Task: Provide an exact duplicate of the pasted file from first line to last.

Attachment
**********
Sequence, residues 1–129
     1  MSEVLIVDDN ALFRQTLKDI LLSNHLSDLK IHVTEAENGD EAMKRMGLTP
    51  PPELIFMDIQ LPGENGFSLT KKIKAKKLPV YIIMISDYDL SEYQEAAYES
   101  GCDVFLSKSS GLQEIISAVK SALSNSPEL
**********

Sequence, residues 1–129
     1  MSEVLIVDDN ALFRQTLKDI LLSNHLSDLK IHVTEAENGD EAMKRMGLTP
    51  PPELIFMDIQ LPGENGFSLT KKIKAKKLPV YIIMISDYDL SEYQEAAYES
   101  GCDVFLSKSS GLQEIISAVK SALSNSPEL